Danielle The Book Huntress (Wants to Read More) (gatadelafuente) | 360 comments Nothing necessarily wrong with the storyline you mentioned, Billy. Thanks for giving me an example of the scenario. I apologized if I sounded judgmental. Honestly, I would not be fond of that in a book, but it's not inherently bad. Just not my cup of tea. It's a realistic moral dilemma, but I have issues with kids getting killed and stuff like that, so it wouldn't work for me. I don't think that every story is going to work for every reader, and just because it doesn't work for me, doesn't mean that others wouldn't love it.


message 10: by Danielle The Book Huntress (Wants to Read More) (last edited Mar 18, 2013 09:25PM) (new)

 Danielle The Book Huntress (Wants to Read More) (gatadelafuente) | 360 comments I think it's easy to lay down hard and fast rules about what is okay and what isn't in a story. The lines sometimes blur as to what I find acceptable in a fiction story depending on the caliber of the writing. If the author is moving walls around so that it feels forced for the reader to make objectionable decisions, then it doesn't work for me. If it is organically written, then I can accept it more. I don't like feeling manipulated by a writer.


message 11: by Jonathon (new)

Jonathon Crouch (misterjonathoncrouch) | 6 comments It seems odd, but I think patience is at least the most useful quality, and also (unfortunately) a very uniquely female trait. Think Katniss Everdeen. She was a stalker and a watcher but no less heroic.

Also my favorite Nell from The Diamond Age


message 12: by Janelle (last edited May 14, 2013 09:42PM) (new)

Janelle (janelle5) Hi everyone, thanks for your comments. You made a lot of good points that really echo my thoughts on qualities I like in a heroine. I think my reason for liking these aspects is they give me something reachable that I can aspire too. I'll never be able to win in a physical fight, but I can still show heroism in my less dramatic personal circumstances.
Two heroines that I admire are Thursday Next from The Eyre Affairand Firebird from the Firebird Trilogy They are both courageous characters, who stand up for what's right against the odds. They don't always win the fight, but they hang in there and keep battling anyway.


message 13: by [deleted user] (new)

For myself, I like a heroine that I see a bit of myself in, a bit of who I want to be and a bit of who I should be. I like to be able to identify with her in some way.

I like a heroine with a conscience (even if she is a character who kills), someone who has the intelligence to know when to engage the enemy and when to withdraw. I like my heroines (in action or adventure) to be skilled with weapons, including hand to hand combat, but doesn't engage unless necessary. I would like her to think of a different resolution if possible but have the resolve to use deadly force without hesitation.

Just a few of my thoughts. :)


message 14: by Charles (new)

Charles (kainja) | 80 comments One thing I don't particularly like about heroes or heroines is when they're superhuman. Let them have some faults and weaknesses, let them be realistic in most ways.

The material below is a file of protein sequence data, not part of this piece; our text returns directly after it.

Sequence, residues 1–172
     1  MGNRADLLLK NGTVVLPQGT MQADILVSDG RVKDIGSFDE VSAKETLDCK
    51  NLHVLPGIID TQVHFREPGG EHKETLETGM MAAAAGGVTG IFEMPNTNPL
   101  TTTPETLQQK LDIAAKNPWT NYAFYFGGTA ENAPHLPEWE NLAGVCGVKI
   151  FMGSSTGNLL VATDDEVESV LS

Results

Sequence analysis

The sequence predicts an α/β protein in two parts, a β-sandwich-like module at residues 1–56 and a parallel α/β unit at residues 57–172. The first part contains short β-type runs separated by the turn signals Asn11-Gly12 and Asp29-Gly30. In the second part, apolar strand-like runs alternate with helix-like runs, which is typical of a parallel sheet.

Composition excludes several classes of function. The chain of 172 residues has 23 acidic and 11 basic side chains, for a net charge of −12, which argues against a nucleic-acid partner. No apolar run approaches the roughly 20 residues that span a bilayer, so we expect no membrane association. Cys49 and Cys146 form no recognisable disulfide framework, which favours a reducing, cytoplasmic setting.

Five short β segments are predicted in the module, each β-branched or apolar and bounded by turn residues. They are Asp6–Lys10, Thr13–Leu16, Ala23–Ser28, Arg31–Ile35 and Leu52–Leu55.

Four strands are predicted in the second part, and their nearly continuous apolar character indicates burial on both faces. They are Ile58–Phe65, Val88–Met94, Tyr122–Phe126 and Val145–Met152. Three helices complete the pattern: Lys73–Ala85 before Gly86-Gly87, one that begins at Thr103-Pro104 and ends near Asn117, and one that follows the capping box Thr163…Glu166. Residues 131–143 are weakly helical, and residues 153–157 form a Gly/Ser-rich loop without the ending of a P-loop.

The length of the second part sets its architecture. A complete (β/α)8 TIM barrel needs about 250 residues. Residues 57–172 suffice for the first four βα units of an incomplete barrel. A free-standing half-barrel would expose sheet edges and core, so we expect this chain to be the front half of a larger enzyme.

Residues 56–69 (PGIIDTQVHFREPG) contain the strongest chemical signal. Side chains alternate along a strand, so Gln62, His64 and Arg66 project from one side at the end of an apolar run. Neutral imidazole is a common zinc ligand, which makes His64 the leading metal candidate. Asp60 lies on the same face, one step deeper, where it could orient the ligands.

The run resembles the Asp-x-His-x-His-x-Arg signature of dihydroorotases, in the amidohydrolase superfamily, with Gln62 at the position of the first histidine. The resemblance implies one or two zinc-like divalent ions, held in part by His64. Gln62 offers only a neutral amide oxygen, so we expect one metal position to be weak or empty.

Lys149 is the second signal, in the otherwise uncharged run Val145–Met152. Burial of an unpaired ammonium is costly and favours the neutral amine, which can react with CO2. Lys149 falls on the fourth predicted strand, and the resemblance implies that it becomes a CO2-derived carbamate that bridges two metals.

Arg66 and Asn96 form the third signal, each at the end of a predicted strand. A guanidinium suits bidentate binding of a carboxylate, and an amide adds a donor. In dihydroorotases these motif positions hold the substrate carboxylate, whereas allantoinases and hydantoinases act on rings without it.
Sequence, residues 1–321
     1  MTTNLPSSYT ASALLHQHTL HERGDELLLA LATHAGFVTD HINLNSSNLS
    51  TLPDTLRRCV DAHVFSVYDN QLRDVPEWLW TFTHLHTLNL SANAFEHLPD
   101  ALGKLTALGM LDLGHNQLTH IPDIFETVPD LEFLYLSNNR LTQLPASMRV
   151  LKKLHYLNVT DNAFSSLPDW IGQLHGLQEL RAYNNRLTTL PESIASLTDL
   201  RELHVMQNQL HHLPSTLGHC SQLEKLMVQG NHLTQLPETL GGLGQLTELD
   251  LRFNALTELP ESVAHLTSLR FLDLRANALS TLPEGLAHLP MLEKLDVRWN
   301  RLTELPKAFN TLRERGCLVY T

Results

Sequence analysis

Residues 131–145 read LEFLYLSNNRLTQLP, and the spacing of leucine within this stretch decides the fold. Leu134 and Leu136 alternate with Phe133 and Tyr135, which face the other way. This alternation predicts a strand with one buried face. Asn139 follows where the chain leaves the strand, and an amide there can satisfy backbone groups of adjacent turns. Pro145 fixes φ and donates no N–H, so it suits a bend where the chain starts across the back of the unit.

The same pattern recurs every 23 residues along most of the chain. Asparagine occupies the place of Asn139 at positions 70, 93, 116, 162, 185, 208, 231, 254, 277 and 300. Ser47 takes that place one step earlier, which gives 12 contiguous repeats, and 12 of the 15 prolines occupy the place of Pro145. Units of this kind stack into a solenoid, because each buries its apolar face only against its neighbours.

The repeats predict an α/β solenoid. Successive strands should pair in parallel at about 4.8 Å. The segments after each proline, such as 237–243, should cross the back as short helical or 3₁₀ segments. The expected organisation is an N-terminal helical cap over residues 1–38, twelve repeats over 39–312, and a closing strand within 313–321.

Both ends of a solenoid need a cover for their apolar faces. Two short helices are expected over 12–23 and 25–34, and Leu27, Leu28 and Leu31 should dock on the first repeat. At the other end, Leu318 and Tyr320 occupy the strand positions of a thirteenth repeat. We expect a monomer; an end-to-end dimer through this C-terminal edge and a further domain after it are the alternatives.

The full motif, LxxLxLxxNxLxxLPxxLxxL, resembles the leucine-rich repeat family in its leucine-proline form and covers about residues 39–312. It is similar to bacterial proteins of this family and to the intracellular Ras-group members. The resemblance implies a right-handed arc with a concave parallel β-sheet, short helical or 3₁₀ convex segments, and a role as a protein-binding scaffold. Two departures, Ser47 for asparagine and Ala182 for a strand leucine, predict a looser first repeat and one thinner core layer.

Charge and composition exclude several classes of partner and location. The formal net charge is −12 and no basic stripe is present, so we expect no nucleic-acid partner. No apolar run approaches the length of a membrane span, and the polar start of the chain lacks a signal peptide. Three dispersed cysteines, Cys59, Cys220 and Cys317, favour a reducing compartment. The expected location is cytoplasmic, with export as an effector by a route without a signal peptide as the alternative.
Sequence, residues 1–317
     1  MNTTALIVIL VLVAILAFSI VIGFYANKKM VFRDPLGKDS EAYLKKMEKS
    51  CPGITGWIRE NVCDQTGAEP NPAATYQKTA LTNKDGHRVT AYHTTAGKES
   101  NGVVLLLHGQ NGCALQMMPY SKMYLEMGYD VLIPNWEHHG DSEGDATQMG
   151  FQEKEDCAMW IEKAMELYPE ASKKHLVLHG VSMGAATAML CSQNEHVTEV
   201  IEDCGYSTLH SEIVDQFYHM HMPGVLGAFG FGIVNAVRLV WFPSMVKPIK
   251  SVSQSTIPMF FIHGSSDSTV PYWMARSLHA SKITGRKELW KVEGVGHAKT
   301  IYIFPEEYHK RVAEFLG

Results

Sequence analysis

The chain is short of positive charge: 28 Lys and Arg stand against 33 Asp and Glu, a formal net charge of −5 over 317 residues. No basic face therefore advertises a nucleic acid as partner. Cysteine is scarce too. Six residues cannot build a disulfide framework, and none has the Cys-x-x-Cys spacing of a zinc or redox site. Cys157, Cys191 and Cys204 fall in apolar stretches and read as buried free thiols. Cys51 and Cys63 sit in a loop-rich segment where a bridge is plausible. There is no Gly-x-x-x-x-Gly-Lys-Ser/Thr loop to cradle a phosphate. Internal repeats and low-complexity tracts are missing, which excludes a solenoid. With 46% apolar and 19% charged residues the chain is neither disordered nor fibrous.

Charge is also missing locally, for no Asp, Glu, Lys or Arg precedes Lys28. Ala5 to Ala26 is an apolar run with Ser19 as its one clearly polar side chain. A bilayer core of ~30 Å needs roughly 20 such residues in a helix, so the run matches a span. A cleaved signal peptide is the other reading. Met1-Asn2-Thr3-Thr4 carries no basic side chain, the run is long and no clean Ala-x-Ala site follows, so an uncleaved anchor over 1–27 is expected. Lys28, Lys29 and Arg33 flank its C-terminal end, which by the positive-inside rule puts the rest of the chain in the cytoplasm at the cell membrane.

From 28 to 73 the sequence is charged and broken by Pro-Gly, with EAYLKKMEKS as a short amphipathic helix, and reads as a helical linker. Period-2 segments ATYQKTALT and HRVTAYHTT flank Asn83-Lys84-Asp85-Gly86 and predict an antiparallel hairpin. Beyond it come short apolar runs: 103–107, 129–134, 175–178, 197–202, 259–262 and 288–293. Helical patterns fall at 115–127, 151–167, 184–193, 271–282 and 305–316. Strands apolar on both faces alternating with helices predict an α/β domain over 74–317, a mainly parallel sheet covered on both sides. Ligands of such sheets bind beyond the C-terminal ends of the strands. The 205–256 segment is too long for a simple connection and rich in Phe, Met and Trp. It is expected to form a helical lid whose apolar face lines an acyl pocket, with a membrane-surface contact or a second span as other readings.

message 15: by Werner (new)

Werner | 1514 comments Charles, I agree --I think that's why, on the whole, I never got into the whole superhero thing. I can identify better with heroes/heroines who have the same normal human capabilities (and limitations) the rest of us do, albeit maybe better trained and developed.


message 16: by Kevis (last edited Jul 04, 2013 07:59AM) (new)

Kevis Hendrickson (kevishendrickson) Charles wrote: "One thing I don't particularly like about heroes or heroines is when they're superhuman. Let them have some faults and weaknesses, let them be realistic in most ways."

That's a great point about super powered characters. I think one of the reasons I was always drawn to Marvel's cast of superheroes was that their characters were flawed superheroes as opposed to DC's perfect-in-every-way types. Compare Xmen's Rogue to Wonder Woman. Both are stereotypically attractive, athletic, and possess super human abilities. But Rogue is a much more interesting character because of her inherent weaknesses.

Rogue's character asks a very important question. What do all humans crave? Intimacy. But Rogue's special talent to absorb the powers of anyone she touches at the risk of killing them prevents her from being able to physically be intimate with someone she loves. How frustrating is that? What damage does that do to her psyche? In many ways, her powers aren't a gift, but rather, a curse. On the other hand, what problems does Wonder Woman have other than finding someone to keep her invisible plane spotlessly clean?

It's always more interesting for any character, including heroines, to have flaws. We want to root for a character to overcome the challenges in their life. But there first has to be something for them to have to overcome to get us rooting in the first place.


message 17: by [deleted user] (last edited Jul 04, 2013 07:55AM) (new)

@Werner and Charles
I agree with you. It's nice to be able to identify with a character that is humanized.

@Kevis
You make a really good point about Rogue...and Wonder Woman but I wonder if might have something to do with the maturity of superheroes as time has passed. The Wonder Woman era is a lot different from the Rogue era. I think, as an audience, we are wanting those emotional ties with any character we 'fall in love' with.

No heroine or hero is perfect, or indestructible. Unless your HULK...he's pretty indestructible...or superman and how about Thor, but they all have their Kryptonite and that's what we want to see...how they deal with their Kryptonite and still manage to overcome and save the day.

Fiction is always fun that way because the outcome can be anything the author wants, he or she just has to make the character believable, even if they are a superhero. Wonder Woman was never believable but Rogue? We can feel for her.


message 18: by Seeley (new)

Seeley James (seeleyjames) | 26 comments Pam (E.P. Scott) wrote: "how they deal with their Kryptonite ..."